SIP Status and Information
SIP Development Process
New or revised National Air Quality Standards: When EPA revises one of the national ambient air quality standards (NAAQS) or establishes a new NAAQS, States and EPA must undertake specific obligations to ensure the NAAQS are met.
Within two years after NAAQS promulgation: With input from the states and tribes, EPA must identify or "designate" areas as meeting (attainment areas) or not meeting (nonattainment areas), the standards. Designations are based on the most recent set of air monitoring data.
Within three years after NAAQS promulgation: All states must submit plans, known as state implementation plans (SIPs), to show they have the basic air quality management program components in place to implement a new or revised NAAQS, as specified in Clean Air Act section 110. These plans are often called "infrastructure SIPs." Learn more about Infrastructure SIP requirements. See Guidance on Development and Submission of Infrastructure State Implementation Plans for National Ambient Air Quality Standards. (PDF) (62pp, 533k)
Within 18-36 months after designations: Due dates for nonattainment area SIPs are based on the area designation date and vary by pollutant and area classification. SIPs for areas designated as nonattainment for SO2, NO2, PM10, and Lead are generally due no later than 18 months from the date of designation. SIPs for Ozone, PM2.5, and CO nonattainment areas are generally due within 36 months from the date of designation. Each nonattainment area SIP must outline the strategies and emissions control measures that show how the area will improve air quality and meet the NAAQS. In addition, the CAA mandates that areas adopt certain specified control requirements. Learn more about SIP requirements for nonattainment areas.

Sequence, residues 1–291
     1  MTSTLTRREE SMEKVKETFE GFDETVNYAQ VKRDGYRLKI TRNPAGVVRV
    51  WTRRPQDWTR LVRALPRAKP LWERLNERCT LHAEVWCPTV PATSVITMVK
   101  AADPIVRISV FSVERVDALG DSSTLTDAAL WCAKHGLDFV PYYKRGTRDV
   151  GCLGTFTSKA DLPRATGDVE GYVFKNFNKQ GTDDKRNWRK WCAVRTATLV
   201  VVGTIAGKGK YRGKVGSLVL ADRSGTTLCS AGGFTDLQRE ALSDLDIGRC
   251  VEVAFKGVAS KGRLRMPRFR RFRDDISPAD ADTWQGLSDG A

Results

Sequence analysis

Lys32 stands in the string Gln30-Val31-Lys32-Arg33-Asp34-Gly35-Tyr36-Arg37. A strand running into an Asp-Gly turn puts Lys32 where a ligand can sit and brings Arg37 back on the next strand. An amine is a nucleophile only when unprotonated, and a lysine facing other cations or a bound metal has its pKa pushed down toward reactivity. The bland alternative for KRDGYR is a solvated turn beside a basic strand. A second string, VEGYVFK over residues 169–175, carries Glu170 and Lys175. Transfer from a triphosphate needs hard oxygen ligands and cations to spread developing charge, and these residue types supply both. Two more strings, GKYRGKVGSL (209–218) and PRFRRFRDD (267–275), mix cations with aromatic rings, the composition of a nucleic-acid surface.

SIPs must be developed with public input, be formally adopted by the state, and submitted by the Governor's designee to EPA. After reviewing submitted SIPs, EPA proposes to approve or disapprove all or part of each plan. The public has an opportunity to comment on EPA's proposed action. EPA considers public input before taking final action on a state's plan. If EPA approves all or part of a SIP, those control measures are enforceable in federal court. If a state fails to submit an approvable plan or if EPA disapproves a plan, EPA is required to develop a federal implementation plan (FIP).
EPA makes electronic copies of state SIP submissions available to the public no later than the time EPA's proposed rulemaking (NPR) on the SIP is published in the Federal Register. In each NPR, EPA provides information on how to locate the electronic docket at www.Regulations.gov for reviewing and submitting comments. Many state air quality management agencies also make SIPs available for public review on state-managed web sites.